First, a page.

So the popularity of Bigfoot is driven by misogynists? Interesting. Plus, it seems to me that werewolves have just morphed into Wolverine.
And I'm surprised that no one's commented to the Brian Regal quote, "The ape-human hybrid, however, is not only evolutionarily acceptable, it is the basis of human evolution." An ape-human hybrid is not evolutionarily acceptable or genetically possible. Humans and apes evolved from a common ancestor--but apes were never humans, and humans were never apes.
As the Smithsonian Human Origins Project website puts it:
"Comparisons of DNA show that our closest living relatives are the ape species of Africa, and most studies by geneticists show that chimpanzees and humans are more closely related to each other than either is to gorillas. However, it must be stressed that humans did not evolve from living chimpanzees. Rather, our species and chimpanzees are both the descendants of a common ancestor that was distinct from other African apes. This common ancestor is thought to have existed in the Pliocene between 5 and 8 million years ago, based on the estimated rates of genetic change. Both of our species have since undergone 5 to 8 million years of evolution after this split of the two lineages."
Not that this really has anything to do with Bigfoot....
Posted by Donna F.  in  Midwest U.S.  on  Tue Jun 30, 2009  at  08:33 PM
Can I get the conclusion that the bigfoot is more suitable to the society while the werewolf has not the ability to live in the crowd?
This can be attributed to the change of the environment?
Posted by Irene Savoia  on  Tue Jun 30, 2009  at  11:51 PM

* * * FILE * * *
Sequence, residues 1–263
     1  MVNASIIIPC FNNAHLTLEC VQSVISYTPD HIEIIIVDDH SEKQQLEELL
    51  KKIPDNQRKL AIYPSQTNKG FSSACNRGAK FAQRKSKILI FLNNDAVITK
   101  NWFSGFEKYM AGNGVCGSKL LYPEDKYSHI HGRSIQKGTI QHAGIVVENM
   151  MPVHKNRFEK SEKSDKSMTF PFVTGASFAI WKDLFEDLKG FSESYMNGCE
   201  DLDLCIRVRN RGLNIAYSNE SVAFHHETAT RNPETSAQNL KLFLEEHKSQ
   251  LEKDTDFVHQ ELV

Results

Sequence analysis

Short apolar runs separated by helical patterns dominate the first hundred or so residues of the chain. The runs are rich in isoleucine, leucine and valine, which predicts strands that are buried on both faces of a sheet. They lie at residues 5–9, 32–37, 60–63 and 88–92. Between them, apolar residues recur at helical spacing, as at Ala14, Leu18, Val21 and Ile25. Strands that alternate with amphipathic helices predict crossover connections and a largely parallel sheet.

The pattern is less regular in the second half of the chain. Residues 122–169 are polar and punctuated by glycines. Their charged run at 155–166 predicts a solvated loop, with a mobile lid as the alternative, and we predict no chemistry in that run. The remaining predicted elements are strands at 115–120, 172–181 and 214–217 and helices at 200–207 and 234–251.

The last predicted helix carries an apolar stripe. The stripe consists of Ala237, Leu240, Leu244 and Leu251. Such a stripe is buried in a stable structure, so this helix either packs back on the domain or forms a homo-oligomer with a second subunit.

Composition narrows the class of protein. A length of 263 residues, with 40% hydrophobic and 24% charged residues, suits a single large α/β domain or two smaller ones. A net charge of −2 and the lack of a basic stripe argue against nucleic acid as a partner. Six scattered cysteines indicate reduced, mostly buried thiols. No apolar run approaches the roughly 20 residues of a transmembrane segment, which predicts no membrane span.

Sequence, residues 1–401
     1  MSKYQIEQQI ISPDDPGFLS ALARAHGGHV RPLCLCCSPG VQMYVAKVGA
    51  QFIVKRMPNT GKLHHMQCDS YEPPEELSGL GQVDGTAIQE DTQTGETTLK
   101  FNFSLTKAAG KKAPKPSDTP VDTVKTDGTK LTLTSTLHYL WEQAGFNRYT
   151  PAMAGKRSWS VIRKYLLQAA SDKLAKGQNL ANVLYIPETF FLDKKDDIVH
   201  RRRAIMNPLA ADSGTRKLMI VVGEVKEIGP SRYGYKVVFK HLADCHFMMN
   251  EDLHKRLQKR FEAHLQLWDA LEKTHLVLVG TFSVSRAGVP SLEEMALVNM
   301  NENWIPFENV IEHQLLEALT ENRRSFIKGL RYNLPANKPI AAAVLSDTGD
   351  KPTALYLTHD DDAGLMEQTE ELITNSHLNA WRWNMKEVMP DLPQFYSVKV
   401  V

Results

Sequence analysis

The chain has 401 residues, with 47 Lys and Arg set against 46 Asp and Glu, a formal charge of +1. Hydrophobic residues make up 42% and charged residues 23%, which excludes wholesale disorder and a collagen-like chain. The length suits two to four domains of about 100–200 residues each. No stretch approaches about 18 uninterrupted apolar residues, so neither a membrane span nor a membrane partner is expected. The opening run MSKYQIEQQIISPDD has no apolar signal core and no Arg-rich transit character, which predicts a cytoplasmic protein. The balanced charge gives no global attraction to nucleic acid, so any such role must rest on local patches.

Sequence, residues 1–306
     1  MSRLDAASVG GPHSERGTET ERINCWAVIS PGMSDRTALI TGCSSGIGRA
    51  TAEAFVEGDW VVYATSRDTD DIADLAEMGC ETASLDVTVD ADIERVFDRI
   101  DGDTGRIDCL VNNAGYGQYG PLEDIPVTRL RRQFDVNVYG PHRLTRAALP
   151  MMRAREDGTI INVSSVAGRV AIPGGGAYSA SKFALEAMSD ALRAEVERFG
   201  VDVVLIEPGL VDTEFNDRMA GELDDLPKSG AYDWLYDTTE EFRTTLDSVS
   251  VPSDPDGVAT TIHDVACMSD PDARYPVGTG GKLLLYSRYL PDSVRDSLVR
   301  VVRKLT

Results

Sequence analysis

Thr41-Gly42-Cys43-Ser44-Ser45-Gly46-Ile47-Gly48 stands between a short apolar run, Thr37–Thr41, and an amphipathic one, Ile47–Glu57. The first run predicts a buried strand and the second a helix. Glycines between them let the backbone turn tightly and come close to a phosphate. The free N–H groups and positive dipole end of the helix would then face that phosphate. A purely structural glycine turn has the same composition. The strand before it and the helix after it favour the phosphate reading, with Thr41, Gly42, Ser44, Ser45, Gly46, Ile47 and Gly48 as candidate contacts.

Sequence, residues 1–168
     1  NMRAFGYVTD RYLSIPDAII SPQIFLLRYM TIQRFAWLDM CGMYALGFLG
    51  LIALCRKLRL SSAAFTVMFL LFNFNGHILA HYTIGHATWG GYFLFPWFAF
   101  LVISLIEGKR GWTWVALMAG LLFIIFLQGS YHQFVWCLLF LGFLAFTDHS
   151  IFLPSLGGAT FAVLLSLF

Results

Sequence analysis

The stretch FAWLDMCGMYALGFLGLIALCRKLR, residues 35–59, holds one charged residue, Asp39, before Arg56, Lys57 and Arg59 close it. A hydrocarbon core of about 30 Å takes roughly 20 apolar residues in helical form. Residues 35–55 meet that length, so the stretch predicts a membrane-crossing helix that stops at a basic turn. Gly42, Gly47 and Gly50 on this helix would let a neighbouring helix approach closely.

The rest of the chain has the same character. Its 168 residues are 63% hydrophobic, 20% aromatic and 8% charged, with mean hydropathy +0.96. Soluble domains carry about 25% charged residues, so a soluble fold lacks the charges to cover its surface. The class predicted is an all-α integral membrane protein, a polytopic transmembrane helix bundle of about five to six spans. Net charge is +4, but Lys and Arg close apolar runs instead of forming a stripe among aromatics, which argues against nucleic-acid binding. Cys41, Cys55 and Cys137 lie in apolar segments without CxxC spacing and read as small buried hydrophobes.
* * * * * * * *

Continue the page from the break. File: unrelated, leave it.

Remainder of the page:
If the werewolf had more popularity than the bigfoot,what would be the society now? It is interesting.
Posted by Jess Holroyd  on  Tue Jun 30, 2009  at  11:56 PM
>>apes were never humans, and humans were never apes<<

Well, technically, humans are considered to be a species of African ape. So the phrase "human-ape hybrid" is a tautology.
Posted by The Curator  in  San Diego  on  Wed Jul 01, 2009  at  12:29 AM
This is eerie: I was just reading an article on a genetic study that seems to indicate a possible period in human evolution when the lines of genes in humans and chimps reconverged in a way that suggest that the two groups of proto-creatures may have interbreed after they seperated aprtially, and the human line may be a form of hybrid resulting from this.

Not unusual, though a little surprising. Whethr any putative Bigfoot ( If they aren't polio-infected black bears ) exists or not, the fact is taht seperate species often collapse back into one again, like the way certain finches on the human-inhabited Galapagos islands did when their food source changed to human feeders with boiled rice; the broad-beaked forms in the poulce who could eat certain native seeds began to disappear as the average beak width was favoured again .
Posted by D F Stuckey  in  AUckland New Zealand  on  Thu Jul 09, 2009  at  07:34 AM